Our longest passage yet

John & Susan Simpson
Wed 3 May 2023 05:00
Rewind back to November 2021 and we were in Las Palmas, Gran Canaria preparing to cross the Atlantic Ocean.  We’d already clocked up plenty of ocean sea miles getting to the Canary Islands but the last week before we left Las Palmas passed by in a whirlwind of provisioning, safety checks, preparatory seminars and discussion.  It felt like a countdown to a momentous voyage, which of course it was at just under 3,000 nautical miles.  Zoom forward again to April 2023 and we were in the Galapagos Islands preparing to leave for our longest passage yet, the 3,030 miles of Pacific Ocean we needed to cross to reach the Marquesas Islands in French Polynesia.  Not only that but we’d had Noa and Laura with us as crew for the Atlantic and were going to cross the Pacific with just the two of us on board.  We couldn’t help noticing that preparation for the Pacific crossing felt very different and were relieved to find that friends amongst the World ARC Pacific fleet had also noticed the same thing.  We had two days to prepare after we’d returned from the UK and spent the first one on a scooter safari trip around the island of Santa Cruz!  We did get round to doing some shopping before leaving though and did a quick trip to the fresh fruit and vegetable market and bakery followed by a whizz around the supermarket for some fresh meat and cheese.  Of course the Atlantic crossing was with a rally which only consisted of that single voyage, whereas the Pacific crossing is part of a multiple-stage rally which started in St Lucia and we had had all the safety checks and seminars there.  We’ve also been planning and provisioning in the various stopovers on the way so the step off from the Galapagos was just another part to the journey.  That didn’t stop us feeling that we might have forgotten something though!

John’s route planning is carried out with a programme called PredictWind.  This takes a number of weather forecast models and uses the data relating to each different model of boat to show which route would be the quickest or most comfortable to take.  John’s computer is programmed with Casamara’s details and our preferred type of sailing (definitely on the comfortable side!) and we can look at the latest weather forecasts to get an idea of the best time to leave or the best route to take to maximise the predicted weather.  As each boat in the World ARC Pacific fleet is different it was interesting to compare notes on how long the passage to the Marquesas was expected to take.  Our prediction was for 17-18 days whereas other boats were expecting to be up to 25 days at sea.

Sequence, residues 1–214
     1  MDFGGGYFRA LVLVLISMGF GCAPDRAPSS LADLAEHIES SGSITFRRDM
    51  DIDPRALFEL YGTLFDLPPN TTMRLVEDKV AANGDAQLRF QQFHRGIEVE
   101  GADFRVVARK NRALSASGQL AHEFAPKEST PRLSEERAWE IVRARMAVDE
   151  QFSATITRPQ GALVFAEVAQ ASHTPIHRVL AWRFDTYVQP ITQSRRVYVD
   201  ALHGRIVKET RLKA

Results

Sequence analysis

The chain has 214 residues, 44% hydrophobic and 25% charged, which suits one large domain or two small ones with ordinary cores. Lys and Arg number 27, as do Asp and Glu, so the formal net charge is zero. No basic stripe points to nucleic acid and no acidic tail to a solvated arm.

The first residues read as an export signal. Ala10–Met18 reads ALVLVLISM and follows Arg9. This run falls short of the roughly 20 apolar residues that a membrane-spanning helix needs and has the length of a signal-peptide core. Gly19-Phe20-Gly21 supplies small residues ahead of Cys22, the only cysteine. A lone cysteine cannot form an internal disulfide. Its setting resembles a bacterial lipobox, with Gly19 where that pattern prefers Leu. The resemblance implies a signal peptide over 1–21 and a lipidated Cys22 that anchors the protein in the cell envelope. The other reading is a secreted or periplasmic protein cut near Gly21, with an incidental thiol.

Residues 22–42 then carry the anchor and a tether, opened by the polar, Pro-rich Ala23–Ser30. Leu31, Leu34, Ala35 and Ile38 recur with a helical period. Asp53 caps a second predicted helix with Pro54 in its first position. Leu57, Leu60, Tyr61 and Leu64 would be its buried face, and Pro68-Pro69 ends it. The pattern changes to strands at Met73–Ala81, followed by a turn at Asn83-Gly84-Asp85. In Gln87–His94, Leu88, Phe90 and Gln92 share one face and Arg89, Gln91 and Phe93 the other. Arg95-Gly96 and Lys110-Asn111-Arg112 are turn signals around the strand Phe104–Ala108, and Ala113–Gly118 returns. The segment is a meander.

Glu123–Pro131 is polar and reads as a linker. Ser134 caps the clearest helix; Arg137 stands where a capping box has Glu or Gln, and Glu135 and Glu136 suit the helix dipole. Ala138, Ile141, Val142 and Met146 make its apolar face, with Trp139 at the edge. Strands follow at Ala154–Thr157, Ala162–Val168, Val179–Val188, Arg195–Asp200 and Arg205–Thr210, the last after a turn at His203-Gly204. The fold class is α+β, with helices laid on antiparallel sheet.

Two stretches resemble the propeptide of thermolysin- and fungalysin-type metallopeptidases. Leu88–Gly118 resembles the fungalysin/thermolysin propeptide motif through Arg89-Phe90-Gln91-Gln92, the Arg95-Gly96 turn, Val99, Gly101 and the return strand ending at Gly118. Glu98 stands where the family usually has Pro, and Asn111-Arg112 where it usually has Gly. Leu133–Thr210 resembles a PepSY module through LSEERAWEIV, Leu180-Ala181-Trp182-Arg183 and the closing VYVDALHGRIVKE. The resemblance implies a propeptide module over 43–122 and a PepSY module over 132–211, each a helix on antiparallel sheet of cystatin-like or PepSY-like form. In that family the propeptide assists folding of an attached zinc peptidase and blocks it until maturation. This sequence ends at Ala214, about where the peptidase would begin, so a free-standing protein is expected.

Last view of the Galapagos Islands

The weather forecasts predicted very light winds for the first couple of days, then a couple of days of squally weather as we transited through the ITCZ (inter tropical convergence zone) and finally the weather would settle into trade wind sailing - fast, comfortable downwind sailing with a following sea - all the way to the Marquesas.  
Squalls in the ITCZ

Sadly, whilst the first two parts were as predicted, the trade wind sailing didn’t really get going and we had a frustrating time trying to find the most comfortable sail plan to match very light winds and confused sea that tipped what little wind there was out of the sails at the drop of a hat.  Some days we would spend hours changing the sails numerous times only to find that the combination we’d started off with was the best one!  Two weeks in the wind died completely and we spent a couple of days chugging across the Pacific under engine, which wasn’t really the plan.

With just the two of us on board we worked out a watch pattern that would mean one of us would be ‘on watch’ sailing the boat whilst the other was either asleep or doing some other activity.  We settled on a pattern that gave us each 6 hours asleep at night, so John was on watch 8 pm to 2 am and I took over at 2 am until 8 am.  John preferred the sensation of going to bed late but getting up at breakfast time, whereas I was happy to go to sleep during the evening and catch the sunrise during my watch.  The sensation of sailing ‘blind' in the dark of the night can be a bit disconcerting but the magic of the clear starry sky matched only by the sparkling diamonds of phosphorescence in Casamara’s wake as she glides through the sea makes it well worth it.  Despite my best efforts, there’s no way an iPhone camera can capture the captivating beauty of it all so I’m afraid you’ll just have to take my word for it, night sailing can be stunning!